Guest Article by Phil Goodwin of IDC
IDC estimates that as many applications will be deployed in the next five years as have been deployed in the previous four decades. In many cases, these new apps modernize existing apps, but may also be brand-new apps, both in support of digital transformation (DX) initiatives. We estimate that 55% of organizations will have implemented some DX initiatives by 2020. DX is an enterprise-wide endeavor involving every aspect of the organization with the intent, among other things, of enhancing market competitiveness through faster decision making based on more complete information.
To deploy these new apps and fully achieve the potential of DX, development teams cannot rely on old tools and development methodologies. While many developers use leading-edge development languages and tools, others continue to rely on data management products that have become the bottleneck to development efficiency. Specifically, test/dev teams often use data replication tools designed for the client/server era that make physical copies of databases and file systems for testing. In many cases, accurate testing requires the use of current data. So, test/dev teams need to constantly update the test data systems. They want daily or on-demand data refreshes, and any delay slows the development and deployment process.
According to IDC research, 72% of IT organizations take a half-day or more to create or refresh a single data copy. This long processing delay means most organizations only refresh data copies once per week, usually on a weekend to avoid impacting production applications. But that's not the only problem. While the provisioning time needed to create a new copy averages two days, it takes much longer in some organizations. DBAs and developers would prefer on-demand self-service copies and they want the copies to be the real data, not a test subset. Unfortunately, neither instant availability nor self-service is realistically possible with traditional copy tools and processes.
Copy data management (CDM) products are a relatively new class of tools that can significantly improve the time and effort associated with copy operations. Rather than make a physical copy of the data and require a physical refresh, CDM tools make a virtual (metadata) copy. Because it is a virtual copy, there is no separate storage provisioning or consumption required and no impact to production applications. Virtual copies can be made in seconds or minutes and refreshed in real time. Suddenly, self-service, on-demand data copies can be a reality. Data cycle times can be reduced from a week to a few minutes. This means faster development, faster deployment, and faster modernization.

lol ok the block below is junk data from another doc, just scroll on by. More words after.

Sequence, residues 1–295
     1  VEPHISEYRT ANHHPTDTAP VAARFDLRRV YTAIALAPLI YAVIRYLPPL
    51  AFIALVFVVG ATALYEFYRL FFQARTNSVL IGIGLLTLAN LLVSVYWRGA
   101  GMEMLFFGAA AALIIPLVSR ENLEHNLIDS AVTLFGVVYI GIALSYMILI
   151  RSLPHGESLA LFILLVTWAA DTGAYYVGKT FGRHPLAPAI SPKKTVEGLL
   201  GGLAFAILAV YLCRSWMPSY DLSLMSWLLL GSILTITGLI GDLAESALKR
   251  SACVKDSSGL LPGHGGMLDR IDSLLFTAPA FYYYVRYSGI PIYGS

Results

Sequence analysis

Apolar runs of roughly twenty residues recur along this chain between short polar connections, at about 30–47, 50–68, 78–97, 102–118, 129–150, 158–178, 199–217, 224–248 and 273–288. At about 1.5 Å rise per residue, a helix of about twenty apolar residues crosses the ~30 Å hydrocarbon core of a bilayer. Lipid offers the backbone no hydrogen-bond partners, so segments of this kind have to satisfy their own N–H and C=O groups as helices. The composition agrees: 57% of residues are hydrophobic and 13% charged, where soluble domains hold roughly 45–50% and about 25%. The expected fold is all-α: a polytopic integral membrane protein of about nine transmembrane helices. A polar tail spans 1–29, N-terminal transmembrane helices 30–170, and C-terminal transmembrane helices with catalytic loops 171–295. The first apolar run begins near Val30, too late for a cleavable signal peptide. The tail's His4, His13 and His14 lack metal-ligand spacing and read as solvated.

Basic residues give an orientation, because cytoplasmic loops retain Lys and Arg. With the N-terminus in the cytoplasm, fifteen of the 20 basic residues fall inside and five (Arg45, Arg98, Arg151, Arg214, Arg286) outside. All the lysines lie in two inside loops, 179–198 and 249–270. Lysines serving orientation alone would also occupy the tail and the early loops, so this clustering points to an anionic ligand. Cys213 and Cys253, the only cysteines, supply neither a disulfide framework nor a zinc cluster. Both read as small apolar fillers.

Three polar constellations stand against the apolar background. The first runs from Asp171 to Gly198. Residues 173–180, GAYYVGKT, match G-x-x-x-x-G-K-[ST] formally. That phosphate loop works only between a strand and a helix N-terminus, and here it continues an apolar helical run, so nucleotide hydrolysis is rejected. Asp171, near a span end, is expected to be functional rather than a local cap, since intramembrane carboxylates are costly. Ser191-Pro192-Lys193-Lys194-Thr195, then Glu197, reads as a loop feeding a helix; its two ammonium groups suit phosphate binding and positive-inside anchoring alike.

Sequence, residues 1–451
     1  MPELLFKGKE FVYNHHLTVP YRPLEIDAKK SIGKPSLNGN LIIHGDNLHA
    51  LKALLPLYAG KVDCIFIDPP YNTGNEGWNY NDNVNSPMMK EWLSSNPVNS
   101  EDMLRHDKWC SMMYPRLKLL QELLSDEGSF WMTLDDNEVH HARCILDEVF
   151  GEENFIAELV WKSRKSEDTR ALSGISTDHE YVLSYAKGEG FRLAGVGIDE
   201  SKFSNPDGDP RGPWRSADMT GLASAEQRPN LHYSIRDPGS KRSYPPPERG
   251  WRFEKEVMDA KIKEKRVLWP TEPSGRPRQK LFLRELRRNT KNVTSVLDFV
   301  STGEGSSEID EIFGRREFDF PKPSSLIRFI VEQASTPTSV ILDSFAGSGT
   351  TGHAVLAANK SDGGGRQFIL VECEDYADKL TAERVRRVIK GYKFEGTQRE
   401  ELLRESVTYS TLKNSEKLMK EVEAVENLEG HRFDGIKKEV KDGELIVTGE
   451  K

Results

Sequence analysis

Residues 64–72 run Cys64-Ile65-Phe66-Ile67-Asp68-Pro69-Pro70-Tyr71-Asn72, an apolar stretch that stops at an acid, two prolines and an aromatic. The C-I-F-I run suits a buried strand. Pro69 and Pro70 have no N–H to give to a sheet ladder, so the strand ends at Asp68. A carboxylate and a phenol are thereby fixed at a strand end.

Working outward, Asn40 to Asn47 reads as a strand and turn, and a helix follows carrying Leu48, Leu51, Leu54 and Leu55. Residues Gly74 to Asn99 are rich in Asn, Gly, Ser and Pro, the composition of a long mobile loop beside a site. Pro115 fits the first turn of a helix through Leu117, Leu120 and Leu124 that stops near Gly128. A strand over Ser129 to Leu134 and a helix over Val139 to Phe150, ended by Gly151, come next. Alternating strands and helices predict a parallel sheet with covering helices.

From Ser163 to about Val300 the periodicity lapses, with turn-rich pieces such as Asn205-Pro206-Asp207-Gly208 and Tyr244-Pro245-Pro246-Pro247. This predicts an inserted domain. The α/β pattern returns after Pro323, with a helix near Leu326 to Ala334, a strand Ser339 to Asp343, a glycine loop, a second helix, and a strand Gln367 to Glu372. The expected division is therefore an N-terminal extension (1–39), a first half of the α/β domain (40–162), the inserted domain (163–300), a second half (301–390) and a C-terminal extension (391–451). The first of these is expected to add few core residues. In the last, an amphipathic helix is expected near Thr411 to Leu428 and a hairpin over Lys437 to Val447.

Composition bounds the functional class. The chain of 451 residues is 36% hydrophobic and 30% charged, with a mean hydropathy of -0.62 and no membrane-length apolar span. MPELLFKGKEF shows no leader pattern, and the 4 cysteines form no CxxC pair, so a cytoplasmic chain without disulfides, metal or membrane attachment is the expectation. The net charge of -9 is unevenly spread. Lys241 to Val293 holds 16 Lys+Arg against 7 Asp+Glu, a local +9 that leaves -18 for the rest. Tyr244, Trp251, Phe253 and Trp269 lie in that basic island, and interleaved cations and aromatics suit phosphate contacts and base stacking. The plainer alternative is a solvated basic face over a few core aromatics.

Testers tend to leverage on-demand test environments. Public cloud is a perfect choice for testing. It’s important to consider a CDM platform that can instantly provision virtual copies in a self-service manner in any private/public cloud using any storage, even object storage. This enables enterprises to truly leverage a cloud- and storage-agnostic CDM solution.
We can’t forget about security, however. Businesses often don’t allow self-service copies to be made because most organizations require manual data masking after a copy is created. Data masking assures that sensitive or regulated data cannot be seen by unauthorized users. Our research shows that 80% of organizations have either manual data masking or no masking at all. CDM tools often can integrate with or provide role-based masking and/or scripts so that data is masked upon copy creation based on the credentials of the creator.
All other things being equal, organizations that use modern CDM applications get applications into use days, weeks, or even months faster than those that do not. Organizations planning to deploy dozens or hundreds of new applications and modernize existing ones should consider using modern CDM. These tools can speed development cycle time and yield genuine competitive benefits.
IDC Report – Actifio Strengthens Its Data-as-a-Service Vision with AppCentric Approach in the Multicloud and DevOps Era
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